Plans for Kigali Cultural Village gain momentum

Tourists and City of Kigali dwellers will soon be provided with high class cultural performances, historical facts, entertainment and leisure activities under one roof: the Kigali Cultural Village.
Cultural artists illustrate how backcloth is extracted at Nyanza Museum. (Timothy Kisambira)
Cultural artists illustrate how backcloth is extracted at Nyanza Museum. (Timothy Kisambira)

Tourists and City of Kigali dwellers will soon be provided with high class cultural performances, historical facts, entertainment and leisure activities under one roof: the Kigali Cultural Village. 

Officials at Rwanda Development Board (RDB) said they have finalised the concept of the Village, located in Rebero Hill, Kicukiro District.

The Rwf3 billion centre will occupy a 30-hectare piece of land and construction is expected to start next year and the centre opened in two years.

RDB said the Village’s construction is part of efforts to increase tourism revenues by 25 per cent by 2017.

The idea was conceived at National Leaders’ Retreat in 2009.

Jean de Dieu Mukeshimana, tourism product development and facilities officer at RDB, said the idea was conceptualised as a way of diversifying tourism products in the country.

“Our cultural products are dispersed all over the country. Tourists arriving here are not getting the entire image of the country and culture as whole,” Mukeshimana said.

“So, having the cultural village will converge the Rwandan culture in one place.”

The Village is not meant to replace cultural sites and other cultural activities in the country, rather it will complement and market them, he said.

“It’s one way of marketing the culture of the country to all people who come to Kigali,” Mukeshimana said.

“For instance, concerning traditional history, like the life of kings who performed miraculous exploits, the centre is in Nyanza. If a tourist arrives at Kigali Cultural Village, they will be given a brief on the issue and advised to seek detailed information from Nyanza Museum.

“A tourist might say, ‘I really need to have more experience on Igishakamba from Nkombo’ (traditional dance style). So, we will connect them with those people who are knowledgeable enough in that specific type of dance,” he said.

Mukeshimana added that it also concerns people living in Kigali City.

“We had no permanent place designed to cater for Kigali City dwellers who want to experience culture and entertainment,” he said.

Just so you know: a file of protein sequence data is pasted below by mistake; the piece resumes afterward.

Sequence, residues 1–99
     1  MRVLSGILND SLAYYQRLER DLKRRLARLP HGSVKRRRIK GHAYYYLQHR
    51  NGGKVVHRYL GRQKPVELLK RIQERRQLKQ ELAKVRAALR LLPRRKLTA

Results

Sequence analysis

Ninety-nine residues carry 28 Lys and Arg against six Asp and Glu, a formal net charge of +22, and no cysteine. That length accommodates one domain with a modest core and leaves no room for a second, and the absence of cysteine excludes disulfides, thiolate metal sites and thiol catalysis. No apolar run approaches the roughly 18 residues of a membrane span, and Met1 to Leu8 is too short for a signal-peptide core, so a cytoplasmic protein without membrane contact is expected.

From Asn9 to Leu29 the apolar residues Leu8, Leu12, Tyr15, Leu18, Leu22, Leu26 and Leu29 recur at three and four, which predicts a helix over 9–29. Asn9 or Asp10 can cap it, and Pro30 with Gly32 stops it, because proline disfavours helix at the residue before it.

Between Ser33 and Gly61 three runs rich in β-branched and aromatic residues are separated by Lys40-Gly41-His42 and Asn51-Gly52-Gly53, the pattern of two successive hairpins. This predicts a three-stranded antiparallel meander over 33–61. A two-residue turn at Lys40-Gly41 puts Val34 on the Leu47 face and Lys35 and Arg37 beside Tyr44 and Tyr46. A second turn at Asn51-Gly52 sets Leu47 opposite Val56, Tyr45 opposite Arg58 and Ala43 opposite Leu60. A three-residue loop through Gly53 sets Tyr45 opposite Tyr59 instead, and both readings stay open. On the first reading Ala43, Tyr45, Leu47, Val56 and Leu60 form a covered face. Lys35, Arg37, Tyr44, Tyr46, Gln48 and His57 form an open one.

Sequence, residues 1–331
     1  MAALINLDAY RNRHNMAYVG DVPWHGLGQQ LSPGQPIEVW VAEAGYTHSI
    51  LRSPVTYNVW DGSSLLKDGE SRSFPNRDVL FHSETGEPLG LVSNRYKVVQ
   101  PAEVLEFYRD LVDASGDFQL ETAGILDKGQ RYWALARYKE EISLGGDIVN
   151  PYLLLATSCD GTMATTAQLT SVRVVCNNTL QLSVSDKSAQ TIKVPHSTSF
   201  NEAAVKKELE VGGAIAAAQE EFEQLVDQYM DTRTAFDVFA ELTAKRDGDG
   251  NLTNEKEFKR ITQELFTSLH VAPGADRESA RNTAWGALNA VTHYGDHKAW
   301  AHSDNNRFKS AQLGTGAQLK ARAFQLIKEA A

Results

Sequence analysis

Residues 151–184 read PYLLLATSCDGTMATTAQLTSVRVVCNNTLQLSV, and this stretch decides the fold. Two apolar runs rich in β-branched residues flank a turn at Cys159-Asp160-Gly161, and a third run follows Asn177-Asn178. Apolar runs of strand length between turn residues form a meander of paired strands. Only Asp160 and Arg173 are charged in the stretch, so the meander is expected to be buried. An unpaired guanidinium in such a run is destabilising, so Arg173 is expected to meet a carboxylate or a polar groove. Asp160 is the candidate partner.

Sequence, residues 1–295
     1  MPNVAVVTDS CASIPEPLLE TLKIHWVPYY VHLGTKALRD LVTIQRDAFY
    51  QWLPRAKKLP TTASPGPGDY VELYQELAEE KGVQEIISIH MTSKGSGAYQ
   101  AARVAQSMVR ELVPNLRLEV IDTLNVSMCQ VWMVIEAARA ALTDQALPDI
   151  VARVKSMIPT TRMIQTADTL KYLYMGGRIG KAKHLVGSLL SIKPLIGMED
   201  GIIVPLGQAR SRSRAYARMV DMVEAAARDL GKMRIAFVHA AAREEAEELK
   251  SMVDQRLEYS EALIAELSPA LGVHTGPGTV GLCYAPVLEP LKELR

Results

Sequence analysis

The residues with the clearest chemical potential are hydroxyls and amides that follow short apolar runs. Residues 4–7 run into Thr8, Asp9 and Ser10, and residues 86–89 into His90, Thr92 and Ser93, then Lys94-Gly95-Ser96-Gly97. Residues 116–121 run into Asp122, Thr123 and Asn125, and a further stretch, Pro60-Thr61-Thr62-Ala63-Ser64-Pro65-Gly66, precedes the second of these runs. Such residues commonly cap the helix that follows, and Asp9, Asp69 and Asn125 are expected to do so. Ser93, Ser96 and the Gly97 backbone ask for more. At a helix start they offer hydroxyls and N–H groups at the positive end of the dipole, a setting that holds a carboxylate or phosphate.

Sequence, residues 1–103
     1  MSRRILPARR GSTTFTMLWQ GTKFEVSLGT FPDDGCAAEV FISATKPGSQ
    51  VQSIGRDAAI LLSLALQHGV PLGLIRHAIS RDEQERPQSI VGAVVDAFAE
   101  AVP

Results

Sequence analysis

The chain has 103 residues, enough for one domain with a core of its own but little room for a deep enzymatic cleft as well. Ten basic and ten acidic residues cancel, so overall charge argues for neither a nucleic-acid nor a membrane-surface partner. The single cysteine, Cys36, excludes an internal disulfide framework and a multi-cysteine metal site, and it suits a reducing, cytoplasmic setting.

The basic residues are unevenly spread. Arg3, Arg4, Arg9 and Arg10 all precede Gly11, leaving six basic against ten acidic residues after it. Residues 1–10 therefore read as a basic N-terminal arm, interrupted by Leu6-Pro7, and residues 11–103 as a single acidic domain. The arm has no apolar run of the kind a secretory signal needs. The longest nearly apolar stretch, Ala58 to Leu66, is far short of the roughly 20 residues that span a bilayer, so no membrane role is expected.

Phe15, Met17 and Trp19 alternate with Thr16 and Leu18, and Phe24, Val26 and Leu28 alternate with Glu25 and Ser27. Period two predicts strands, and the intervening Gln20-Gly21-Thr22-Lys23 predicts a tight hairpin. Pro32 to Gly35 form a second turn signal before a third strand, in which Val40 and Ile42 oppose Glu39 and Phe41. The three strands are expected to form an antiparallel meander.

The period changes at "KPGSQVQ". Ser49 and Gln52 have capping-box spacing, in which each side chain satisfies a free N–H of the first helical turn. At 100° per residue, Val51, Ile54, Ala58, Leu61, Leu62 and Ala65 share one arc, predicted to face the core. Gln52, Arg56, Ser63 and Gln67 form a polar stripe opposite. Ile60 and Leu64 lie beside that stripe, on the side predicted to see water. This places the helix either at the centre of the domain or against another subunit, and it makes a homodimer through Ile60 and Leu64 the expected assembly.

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One the games that where used to entertain the King and the local people.

Amenities

The Kigali Cultural Village will have amenities such as hotels, to be built by investors, while a section will be set aside for cultural performances and related disciplines like handcrafts.

In addition, the Village will have an amphitheatre, an auditorium as well as leisure and fitness area.

“The Village’s architectural design is such that people will enter through one part and get out after experiencing all its components through a separate exit,” Mukeshimana said.

Leonidas Gatete, community and cultural tourism officer at RDB, said the Village will server as a hub of culture, entertainment and exhibition.

“It is like an interpretation centre of the country’s culture. The landscape will include medicinal and traditional trees which played a major part of the culture,” he said.

He said work on the design of the Village began in 2010 by KEIOS Development Consulting, an Italian company, while the business plan was elaborated by Centerprise Africa, a Kenyan firm.

The expropriation was done from 2012 and the valuation of people’s property is halfway complete, with Rwf3 billion of the Rwf5 billion already paid.

Kigali Cultural Village is expected to boost the second Economic Development and Poverty Reduction Strategy target of growing tourism revenue by 25 per cent annually.

Statistical from RDB shows that in 2011, revenue from tourism grew to $251.3 million from $175 million in 2009. In 2012, tourism fetched $281.8 million in revenue.

Last year, the sector fetched $293 million.

In September, RDB announced its projections to increase threefold, with revenue from tourism to increase to $860 million in the next two years.

editorial@newtimes.co.rw

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